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Nutrition Trends: 2014

Amy Long Carrera, MS, RD, CNSC, CWCMS
Registered Dietitian Nutritionist | Shield HealthCare
01/21/14  10:16 PM PST
Locally Grown

Ring in the New Year with good-for-you food trends that will keep you in the know and in good health.

What to Eat

Ancient Grains: Move over, white rice. Quinoa, spelt, farro, amaranth, millet, barley and other whole grains are trendier and more flavorful and nutritious than refined grains, like white rice or pasta. Expect more protein and fiber with less processing. Use as a side dish or add beans or veggies for a main meal.

Nuts and Seeds: Seventy-seven percent of Americans already keep these heart-healthy treats around, to snack on or to add to meals. A 30-year Harvard study found that regular nut eaters were less likely to die from heart disease, cancer, or other causes. Sprinkle slivered almonds on your morning oatmeal, chia seeds on your afternoon salad and chopped pecans on your grain pilaf at dinner.

Fermented Foods: What do kefir, miso, kimchi and sauerkraut have in common? They’re fermented with bacteria – the kind that benefit your digestive tract and immune system. Enjoy a glass of fruit-flavored kefir, a bowl of miso soup garnished with green onions, kimchi as an accompaniment to lean beef or a turkey dog topped with sauerkraut.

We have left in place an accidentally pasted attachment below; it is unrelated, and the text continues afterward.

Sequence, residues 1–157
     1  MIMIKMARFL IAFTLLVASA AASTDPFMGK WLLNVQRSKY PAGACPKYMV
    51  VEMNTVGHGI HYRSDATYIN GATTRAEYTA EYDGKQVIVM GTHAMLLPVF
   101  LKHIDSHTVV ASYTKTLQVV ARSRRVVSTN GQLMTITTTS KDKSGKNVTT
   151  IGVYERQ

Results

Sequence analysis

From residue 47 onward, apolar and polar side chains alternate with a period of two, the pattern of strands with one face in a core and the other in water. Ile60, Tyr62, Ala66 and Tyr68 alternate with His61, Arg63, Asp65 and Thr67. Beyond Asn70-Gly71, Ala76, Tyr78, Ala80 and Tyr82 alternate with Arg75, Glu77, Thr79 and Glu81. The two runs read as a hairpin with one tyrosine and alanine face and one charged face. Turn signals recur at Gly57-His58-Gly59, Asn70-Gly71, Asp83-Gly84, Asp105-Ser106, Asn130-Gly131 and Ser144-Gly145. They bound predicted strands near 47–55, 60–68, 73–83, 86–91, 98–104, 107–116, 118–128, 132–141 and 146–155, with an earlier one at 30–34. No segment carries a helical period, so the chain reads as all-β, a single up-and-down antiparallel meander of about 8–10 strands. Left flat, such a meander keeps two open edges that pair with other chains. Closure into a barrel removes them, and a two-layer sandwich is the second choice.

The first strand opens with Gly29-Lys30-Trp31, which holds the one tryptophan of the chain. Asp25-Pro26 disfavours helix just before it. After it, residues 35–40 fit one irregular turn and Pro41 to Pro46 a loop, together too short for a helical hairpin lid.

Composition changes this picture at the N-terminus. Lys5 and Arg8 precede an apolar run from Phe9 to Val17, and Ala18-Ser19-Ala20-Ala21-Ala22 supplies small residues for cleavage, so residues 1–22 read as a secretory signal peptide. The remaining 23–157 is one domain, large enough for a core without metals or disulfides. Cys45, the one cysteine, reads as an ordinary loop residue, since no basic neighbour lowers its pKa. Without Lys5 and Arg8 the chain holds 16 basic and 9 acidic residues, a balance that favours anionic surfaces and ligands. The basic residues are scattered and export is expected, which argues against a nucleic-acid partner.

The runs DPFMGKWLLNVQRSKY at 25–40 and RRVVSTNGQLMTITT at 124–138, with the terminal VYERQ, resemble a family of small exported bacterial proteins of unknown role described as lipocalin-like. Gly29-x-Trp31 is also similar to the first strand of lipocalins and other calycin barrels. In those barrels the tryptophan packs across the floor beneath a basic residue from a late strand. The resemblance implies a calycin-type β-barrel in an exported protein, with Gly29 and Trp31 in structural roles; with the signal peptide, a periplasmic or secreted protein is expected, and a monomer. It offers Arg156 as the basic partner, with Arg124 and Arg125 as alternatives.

Savory Yogurt: Made with vegetable puree, these up-and-coming dairy delights contain a lost less sugar than fruit yogurt. If eating carrot or tomato yogurt straight out of the carton seems counterintuitive, use it as a veggie dip, as a topping for baked potatoes, or mix it in carrot salad or coleslaw.

Spices: Spices add more than flavor to your daily diet. Curcumin, the active ingredient in turmeric for example, is a powerful antioxidant that reduces inflammation and has anti-cancer properties. Sprinkle powdered turmeric on sautéed or steamed veggies, like cauliflower.

How to Eat

Locally-sourced: Eating local means fresher food because it’s grown or raised near you. It may also mean that the food is produced on a smaller scale, or more sustainably. Start by shopping at co-ops or local farmers markets and look for restaurants that serve local or home-grown ingredients.

Vegetarian: An estimated 47 percent of Americans eat at least one vegetarian meal a week. A plant-based diet is protective against cancer, heart disease and other chronic diseases. Fill half your plate with colorful veggies, a quarter with fruit and a quarter with a plant-based protein source, such as tofu or black beans and brown rice.

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